In the current low interest rate environment, we’re seeing a lot of clients look at repaying debt quite aggressively (paying above the minimum or making ‘additional’ payments to their mortgage on a regular basis).
In reality, this is the best thing to do as far as debt reduction goes, and will set you up better in the long-term, by both increasing your equity position, and also decreasing the overall interest costs you pay for your mortgage over the life of the loan.
There can however be some downsides to this when applying for new lending, and I’d like to show you how to get around these so that you’re achieving your desired result, and also keeping the bank happy.
Loan affordability Criteria:
From a high-level perspective, banks are extremely conservative when it comes to calculating affordability. Basically what they do is calculate income coming in (different types of income are treated differently) and then calculate expenses/outgoings (for mortgages this is done with higher test rates than your actual mortgage outgoings, OR if making additional payments, the higher of the two) and then what remains is known as a Uncommitted Monthly Income (UMI). This figure supports proposed new borrowing.
This might mean that if you are reducing your debts aggressively and paying well above the minimum, what you might be able to borrow could be lower than if you were paying the minimum payments on your mortgage.
A lot of this has come about due to the “Responsible Lending Code” and has meant that there hasn’t been too much common sense in the process, because in many cases you; 1) are making higher payments on your debt because you can afford to, and 2) you can reduce the payments back to the minimum if necessary.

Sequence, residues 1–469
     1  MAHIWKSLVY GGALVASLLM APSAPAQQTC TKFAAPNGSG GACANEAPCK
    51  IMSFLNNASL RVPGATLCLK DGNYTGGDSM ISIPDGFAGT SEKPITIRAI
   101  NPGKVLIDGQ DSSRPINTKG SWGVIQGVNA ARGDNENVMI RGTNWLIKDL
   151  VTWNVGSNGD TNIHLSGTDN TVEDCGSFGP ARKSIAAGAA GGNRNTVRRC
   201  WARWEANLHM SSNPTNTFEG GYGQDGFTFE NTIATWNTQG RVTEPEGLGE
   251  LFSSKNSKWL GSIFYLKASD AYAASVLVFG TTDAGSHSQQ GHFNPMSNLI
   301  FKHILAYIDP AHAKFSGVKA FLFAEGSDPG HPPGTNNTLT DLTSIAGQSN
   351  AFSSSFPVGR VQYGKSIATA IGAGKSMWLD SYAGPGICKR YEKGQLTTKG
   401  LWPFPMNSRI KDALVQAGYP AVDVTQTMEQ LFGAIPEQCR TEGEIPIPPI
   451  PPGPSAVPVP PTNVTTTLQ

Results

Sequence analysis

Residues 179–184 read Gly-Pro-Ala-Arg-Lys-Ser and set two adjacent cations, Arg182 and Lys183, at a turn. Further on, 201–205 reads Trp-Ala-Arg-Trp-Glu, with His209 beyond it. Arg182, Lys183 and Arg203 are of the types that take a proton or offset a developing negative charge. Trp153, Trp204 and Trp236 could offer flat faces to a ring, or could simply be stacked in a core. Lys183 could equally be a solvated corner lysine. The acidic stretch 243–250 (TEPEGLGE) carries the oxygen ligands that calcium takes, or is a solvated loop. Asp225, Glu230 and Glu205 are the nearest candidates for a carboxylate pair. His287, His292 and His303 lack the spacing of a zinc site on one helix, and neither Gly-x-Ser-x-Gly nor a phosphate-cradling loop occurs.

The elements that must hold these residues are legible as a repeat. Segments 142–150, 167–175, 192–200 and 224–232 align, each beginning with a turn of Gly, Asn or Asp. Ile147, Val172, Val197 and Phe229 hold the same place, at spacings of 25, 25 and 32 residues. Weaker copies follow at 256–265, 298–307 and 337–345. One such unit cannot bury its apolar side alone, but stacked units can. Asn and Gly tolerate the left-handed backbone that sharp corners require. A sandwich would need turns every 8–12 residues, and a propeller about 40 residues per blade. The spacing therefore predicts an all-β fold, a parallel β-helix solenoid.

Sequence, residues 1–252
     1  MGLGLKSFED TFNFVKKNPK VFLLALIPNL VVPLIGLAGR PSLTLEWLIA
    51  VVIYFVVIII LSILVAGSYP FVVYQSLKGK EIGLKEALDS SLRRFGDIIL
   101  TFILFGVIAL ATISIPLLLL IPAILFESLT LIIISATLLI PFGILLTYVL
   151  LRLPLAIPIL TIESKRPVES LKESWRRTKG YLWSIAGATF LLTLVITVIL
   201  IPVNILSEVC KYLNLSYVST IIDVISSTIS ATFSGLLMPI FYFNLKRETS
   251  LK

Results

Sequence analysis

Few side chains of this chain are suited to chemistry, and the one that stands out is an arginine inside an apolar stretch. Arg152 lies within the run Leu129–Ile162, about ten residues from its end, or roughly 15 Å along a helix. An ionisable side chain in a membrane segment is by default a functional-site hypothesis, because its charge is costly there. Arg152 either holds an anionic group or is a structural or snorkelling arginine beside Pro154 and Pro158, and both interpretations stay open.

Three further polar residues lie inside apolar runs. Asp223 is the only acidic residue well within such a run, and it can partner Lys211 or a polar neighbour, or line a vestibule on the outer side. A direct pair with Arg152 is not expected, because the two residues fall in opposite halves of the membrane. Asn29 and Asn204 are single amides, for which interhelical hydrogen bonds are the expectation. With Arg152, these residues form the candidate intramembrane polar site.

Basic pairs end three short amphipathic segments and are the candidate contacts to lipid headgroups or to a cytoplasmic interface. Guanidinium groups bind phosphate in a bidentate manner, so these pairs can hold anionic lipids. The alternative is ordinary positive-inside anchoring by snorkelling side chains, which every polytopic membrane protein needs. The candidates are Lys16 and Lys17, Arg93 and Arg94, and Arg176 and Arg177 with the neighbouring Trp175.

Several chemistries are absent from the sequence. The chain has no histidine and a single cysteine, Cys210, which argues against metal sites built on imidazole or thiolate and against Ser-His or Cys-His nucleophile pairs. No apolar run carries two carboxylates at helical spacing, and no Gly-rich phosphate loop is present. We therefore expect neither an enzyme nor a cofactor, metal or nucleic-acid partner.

What do we suggest as a solution? We would recommend looking at splitting your mortgage so you can achieve the best of both worlds, which might look something like this:
Let’s say you have $1,000,000 of debt, at 2.29% fixed for 12 months which has minimum payments of $3,843 p/m assuming a 30-year loan term. You’ve however decided to pay $7,500 per month to get your loan down faster. This means you’re paying down an additional $3,657 p/m principal over and above your existing principal and interest payments.
An alternative scenario might look like this:
Fix $950,000 for 12 months at 2.29% (minimum payments of $3,651 p/m).
Set-up a revolving credit of $50,000 at circa 4.5% (rate might be lower if you get a discount) and pay the difference of $3,849 per month into this facility. The interest-only costs would be (straight-line) $187.50 per month, and you’d be paying off $3,661.50 per month of principal.
This achieves the benefit of still reducing your loan by a large amount on a regular basis and also satisfies the banks because you can stop making your monthly additional payment at any time, and the banks view the revolving credits differently.
If you think you need to review your own situation to put yourself in a better position for future lending, feel free to get in touch at firstname.lastname@example.org